SHOC Works Towards a Mentally Healthier Future

Mental Health is a prevalent issue on college campuses throughout the nation, yet an issue that is often considered a taboo subject. Colby’s Student Health on Campus (SHOC) organization, a group of Colby students under the direction of a staff advisor, is dedicated to educating and illuminating mental health issues around campus. On November 19th, SHOC will sponsor the mental health narratives, an event where members of the College can share and listen to their peers’ experiences with mental health. The Echo had the opportunity to sit down with Emma Clay, the co-president of SHOC, to discuss the upcoming mental health narratives and the mental health support systems at the College.

Nathaniel Rees: What are the mental health narratives? 

Emma Clay: The mental health narratives is an event for people in the Colby community to share their stories about mental illness.  It can be about themselves, family, or friends. The narratives can be read anonymously, or by the person who wrote them.  It is always a really powerful event.

NR: How did you first become involved with SHOC?

EC: When I was a freshman I knew a senior who was on SHOC. I knew that I wanted to become involved so I volunteered my freshman spring for them and then applied to be a member for my sophomore year.

NR: What is the role of SHOC on campus?

EC: SHOC does all sorts of things.  We help staff the first year wellness seminars, help out with the flu clinics, and do programming around mental health, physical health, alcohol and drugs, and sexual health.  We are probably best known on campus for our big events like Stressbusters and Sexpo. We hope to try to educate the student body on any and all issues related to help and encourage a healthier campus.

NR: What is the purpose of the mental health narratives? What do you and the rest of SHOC hope to accomplish?

EC: The purpose of the mental health narratives is to allow a space on campus for people who are experiencing mental health issues to be heard. Not only that, but it allows for members of the community who are not experiencing mental health issues to learn about what it is like to struggle with a mental health issue.  It is as much about empowering those individuals who write the narratives as it is educating the community.

NR: Do you believe Colby handles mental health issues on campus effectively? How could Colby do a better job of caring for depressed/anxious/bipolar/ etc students?

EC: I think that Colby has really great counseling services and I wish that more students utilized them.  I think that the events of last spring made the administration more aware of how serious mental health problems can be and I think that everyone is working hard to make Colby a safer place for students who are struggling.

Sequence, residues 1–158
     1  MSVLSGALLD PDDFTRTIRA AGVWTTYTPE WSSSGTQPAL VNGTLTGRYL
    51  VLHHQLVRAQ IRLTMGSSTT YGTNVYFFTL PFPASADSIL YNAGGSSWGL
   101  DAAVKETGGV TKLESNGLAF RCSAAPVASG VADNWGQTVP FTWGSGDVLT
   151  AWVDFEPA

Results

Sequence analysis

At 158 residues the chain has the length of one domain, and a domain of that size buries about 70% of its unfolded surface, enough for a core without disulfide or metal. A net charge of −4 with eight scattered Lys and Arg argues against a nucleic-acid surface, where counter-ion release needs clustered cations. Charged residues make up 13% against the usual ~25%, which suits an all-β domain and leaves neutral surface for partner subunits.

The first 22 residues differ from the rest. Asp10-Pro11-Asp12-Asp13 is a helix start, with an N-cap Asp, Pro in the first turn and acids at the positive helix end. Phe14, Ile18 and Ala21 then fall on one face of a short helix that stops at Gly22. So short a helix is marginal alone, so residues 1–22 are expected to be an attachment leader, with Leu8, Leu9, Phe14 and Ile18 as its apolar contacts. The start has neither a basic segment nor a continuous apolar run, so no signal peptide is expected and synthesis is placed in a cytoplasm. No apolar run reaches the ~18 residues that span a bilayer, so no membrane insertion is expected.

NR: Have you ever struggled with mental health?

EC: I struggle with an anxiety disorder.  I left Colby my freshman fall and ended up spending time at a residential anxiety treatment program.  It was the hardest and best thing I’ve ever done.  Anxiety is something that I live with everyday, but it no longer controls my life.

NR: How has that experience informed your aspirations for SHOC, mental health narratives, and how you understand mental health?

EC: I am definitely very focused on the mental health programming that SHOC does.  It is something that I am passionate about and I think that the more people talk about mental health, the better.  Everyone struggles with something, and for those who struggle with mental health, being in a community that is accepting of mental health struggles can make a huge difference in their treatment.

NR: As a senior, what direction do you envision for SHOC?

EC: I think that SHOC is a really amazing group of students who are all passionate about health.  I hope that our large events continue to be well attended and that more people come to our smaller events

NR: Is there a stigma at Colby surrounding mental health? If so, how can the Colby community become more comfortable discussing mental health?

EC: I think that there definitely is a stigma, and not just at Colby but in society in general. I think that the first step is getting people to come to events like the narratives, to get them thinking about mental health.  I also think that students who struggle with mental illness, when they are ready to, should try to talk about it.  I have felt nothing but support from anyone I have shared my story with, and I think the more anyone is talking about mental health, the better it is for the whole community.

NR: Anything else you’d like the Colby community to know?

EC: Write a narrative!  It can be about personal struggles, your experience of being a supportive other, or your dreams for a mentally well campus.

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